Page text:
Despite their relocation, Africvillians still faced the same problems of inequality and poverty. Social programs that had previously been promised never materialized. The City of Halifax lent their assistance to the people of Africville in such a manner that perfectly illustrates the attitude with which City Hall regarded them: they moved the residents of Africville with the city’s dump trucks.

The Africville community was razed to the ground. The houses, school, and the Seaview United Baptist Church—which played an integral role in the social life of the community—were bulldozed to make way for development of the north shore of the Bedford Basin and the A. Murray MacKay Bridge, which crosses the Halifax harbour.

Rear view of Seaview African United Baptist Church, with Africville houses and laundry flapping in the breeze in the foreground.

Due to the controversy surrounding the events, commercial development did not take place and the waterfront was left intact. In the 1980s, Halifax created Seaview Memorial Park on the old Africville site, which was declared a national historic site in 2002.

Reaction to the apology

Reactions to the apology from former residents and their descendants have been mixed. Most were optimistic and hopeful for the future; former Africville resident Brenda Steed-Ross, who was evicted along with her parents and her infant daughter when she was 18, said she feels “we’re moving forward, not backward.” Rev. Rhonda Britten, a leader within the Black community in Nova Scotia, welcomed the settlement, saying “I know that there are some among us who are wounded, and some among us who bear those scars. But, in spite of all of that, the victory has been won.” Rev. Rhonda Y. Britton, Cornwallis Street Baptist Church—”Wha’d Ya Expect?”

However, not everyone shared Rev. Britten’s optimism. According to a report from CBC News, while most of the crowd offered cheers, there were others voicing dissent, shouting: “Not enough.” Some of the descendants of Africville claimed the settlement was illegal because the Africville Genealogy Society (AGS) didn’t have the right to negotiate on their behalf. One criticism of the agreement is that there is no provision for individual compensation. Eddie Carvey, whose brother Irvine is president of AGS, has been actively raising the issue and protesting since 1994. Along with individual reparations (a word the Canadian press has decidedly avoided using, which I will not), Carvey is also seeking a public inquiry and for the city to return ownership of Africville to its former residents and descendants.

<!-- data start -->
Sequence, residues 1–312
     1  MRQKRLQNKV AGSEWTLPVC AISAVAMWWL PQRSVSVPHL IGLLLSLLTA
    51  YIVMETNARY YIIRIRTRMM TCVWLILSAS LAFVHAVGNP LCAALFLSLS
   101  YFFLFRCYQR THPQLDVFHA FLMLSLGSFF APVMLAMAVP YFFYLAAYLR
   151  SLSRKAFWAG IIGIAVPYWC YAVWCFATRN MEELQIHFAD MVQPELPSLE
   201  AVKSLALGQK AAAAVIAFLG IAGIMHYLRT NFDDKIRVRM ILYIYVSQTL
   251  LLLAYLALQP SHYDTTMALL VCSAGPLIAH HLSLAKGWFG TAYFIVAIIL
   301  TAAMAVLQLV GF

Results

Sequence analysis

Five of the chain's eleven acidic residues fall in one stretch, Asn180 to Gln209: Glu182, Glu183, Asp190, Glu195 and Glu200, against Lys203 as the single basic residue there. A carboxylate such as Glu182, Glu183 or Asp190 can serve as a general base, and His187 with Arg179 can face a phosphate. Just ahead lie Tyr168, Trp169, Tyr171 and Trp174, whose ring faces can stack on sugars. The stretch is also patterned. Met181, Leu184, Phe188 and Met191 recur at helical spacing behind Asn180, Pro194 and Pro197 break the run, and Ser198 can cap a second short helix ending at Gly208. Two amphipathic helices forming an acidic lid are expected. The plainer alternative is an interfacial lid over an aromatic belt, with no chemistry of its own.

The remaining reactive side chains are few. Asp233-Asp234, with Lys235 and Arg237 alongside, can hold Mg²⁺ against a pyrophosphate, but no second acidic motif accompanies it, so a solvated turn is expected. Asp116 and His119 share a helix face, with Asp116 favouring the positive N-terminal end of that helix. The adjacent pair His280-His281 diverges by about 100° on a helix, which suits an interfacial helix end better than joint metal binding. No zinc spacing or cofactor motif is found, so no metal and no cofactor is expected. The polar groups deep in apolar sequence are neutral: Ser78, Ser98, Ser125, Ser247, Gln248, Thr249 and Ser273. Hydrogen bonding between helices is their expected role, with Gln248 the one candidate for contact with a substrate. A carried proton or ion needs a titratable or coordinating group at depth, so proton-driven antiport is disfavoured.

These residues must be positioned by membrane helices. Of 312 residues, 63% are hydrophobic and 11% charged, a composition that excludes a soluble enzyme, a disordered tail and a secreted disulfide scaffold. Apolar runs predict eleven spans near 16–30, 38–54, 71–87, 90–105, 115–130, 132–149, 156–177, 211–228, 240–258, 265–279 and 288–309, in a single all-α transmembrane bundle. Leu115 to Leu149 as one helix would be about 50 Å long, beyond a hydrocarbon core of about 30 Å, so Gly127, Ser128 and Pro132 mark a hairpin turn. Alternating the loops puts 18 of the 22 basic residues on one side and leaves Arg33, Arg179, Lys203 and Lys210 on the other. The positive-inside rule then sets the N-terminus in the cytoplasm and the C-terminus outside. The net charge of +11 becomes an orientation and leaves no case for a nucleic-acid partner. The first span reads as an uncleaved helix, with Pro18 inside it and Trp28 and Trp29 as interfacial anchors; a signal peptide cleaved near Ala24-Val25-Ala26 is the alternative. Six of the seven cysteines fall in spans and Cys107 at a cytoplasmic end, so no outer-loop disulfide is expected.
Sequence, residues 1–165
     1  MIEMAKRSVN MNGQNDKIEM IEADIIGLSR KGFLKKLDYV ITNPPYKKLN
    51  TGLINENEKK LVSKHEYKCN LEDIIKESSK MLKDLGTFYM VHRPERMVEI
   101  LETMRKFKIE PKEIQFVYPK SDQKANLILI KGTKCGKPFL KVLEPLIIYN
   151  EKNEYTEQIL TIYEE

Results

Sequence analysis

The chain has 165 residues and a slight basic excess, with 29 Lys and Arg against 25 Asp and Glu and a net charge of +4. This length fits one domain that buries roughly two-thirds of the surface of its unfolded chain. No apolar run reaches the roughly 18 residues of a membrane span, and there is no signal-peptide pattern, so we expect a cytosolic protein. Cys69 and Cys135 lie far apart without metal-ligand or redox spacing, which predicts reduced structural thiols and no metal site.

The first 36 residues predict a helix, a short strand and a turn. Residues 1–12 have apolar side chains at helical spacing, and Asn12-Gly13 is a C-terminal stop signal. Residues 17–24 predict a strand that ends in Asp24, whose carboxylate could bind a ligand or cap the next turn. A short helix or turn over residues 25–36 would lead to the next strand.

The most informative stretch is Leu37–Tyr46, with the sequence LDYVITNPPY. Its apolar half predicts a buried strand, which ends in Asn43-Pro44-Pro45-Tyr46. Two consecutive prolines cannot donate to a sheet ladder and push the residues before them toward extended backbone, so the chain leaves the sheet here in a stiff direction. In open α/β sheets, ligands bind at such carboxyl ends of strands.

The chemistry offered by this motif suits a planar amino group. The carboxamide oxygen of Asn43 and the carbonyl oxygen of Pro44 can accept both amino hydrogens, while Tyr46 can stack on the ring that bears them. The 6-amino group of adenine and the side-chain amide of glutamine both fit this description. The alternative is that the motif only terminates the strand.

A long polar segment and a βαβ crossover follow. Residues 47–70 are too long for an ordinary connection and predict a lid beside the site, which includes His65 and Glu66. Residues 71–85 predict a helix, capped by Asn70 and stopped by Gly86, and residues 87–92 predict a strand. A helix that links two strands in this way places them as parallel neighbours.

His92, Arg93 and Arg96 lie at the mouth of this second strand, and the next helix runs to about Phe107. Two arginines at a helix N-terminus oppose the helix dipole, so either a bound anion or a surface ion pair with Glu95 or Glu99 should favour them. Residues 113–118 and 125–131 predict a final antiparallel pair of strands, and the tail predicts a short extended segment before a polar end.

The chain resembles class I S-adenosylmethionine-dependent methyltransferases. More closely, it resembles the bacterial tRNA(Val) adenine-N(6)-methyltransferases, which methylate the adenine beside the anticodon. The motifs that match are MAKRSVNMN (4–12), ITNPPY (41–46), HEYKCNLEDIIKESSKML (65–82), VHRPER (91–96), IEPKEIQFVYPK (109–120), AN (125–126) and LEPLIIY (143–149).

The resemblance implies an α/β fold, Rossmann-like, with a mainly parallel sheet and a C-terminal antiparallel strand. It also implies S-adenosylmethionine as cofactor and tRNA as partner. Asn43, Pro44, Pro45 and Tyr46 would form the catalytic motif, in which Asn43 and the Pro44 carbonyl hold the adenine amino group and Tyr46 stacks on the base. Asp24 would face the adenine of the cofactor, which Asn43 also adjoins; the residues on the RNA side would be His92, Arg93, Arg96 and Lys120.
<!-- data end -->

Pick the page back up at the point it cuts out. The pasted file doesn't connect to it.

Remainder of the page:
There are apologies and there are apologies

In the interest of reconciliation and restorative justice, formal apologies are more than just gestures; they are vital to building trust between those who have been harmed and those who committed the harm (including the descendants of both sides). They are not to be confused with the actual work to be done to achieve reconciliation and restorative justice, but they are important to begin with. After all, if you can’t start with “I’m sorry,” then what else can you really say that will have any meaning?

For an apology to be a catalyst, it needs to have weight; for an apology to have any weight, it needs to be sincere. But, what if it is incomplete? I do not wish to challenge the sincerity of anyone involved, but I do want to draw attention to the history I have outlined above and the content of the apology below. I want to ask: is it complete?

On behalf of the Halifax Regional Municipality, I apologize to the former Africville residents and their descendants for what they have endured for almost 50 years, ever since the loss of their community that had stood on the shores of Bedford Basin for more than 150 years.

You lost your houses, your church, all of the places where you gathered with family and friends to mark the milestones of your lives.

For all that, we apologize.

We apologize to the community elders, including those who did not live to see this day, for the pain and loss of dignity you experienced.

We apologize to the generations who followed, for the deep wounds you have inherited and the way your lives were disrupted by the disappearance of your community.

We apologize for the heartache experienced at the loss of the Seaview United Baptist Church, the spiritual heart of the community, removed in the middle of the night. We acknowledge the tremendous importance the church had, both for the congregation and the community as a whole.

We realize words cannot undo what has been done, but we are profoundly sorry and apologize to all the former residents and their descendants.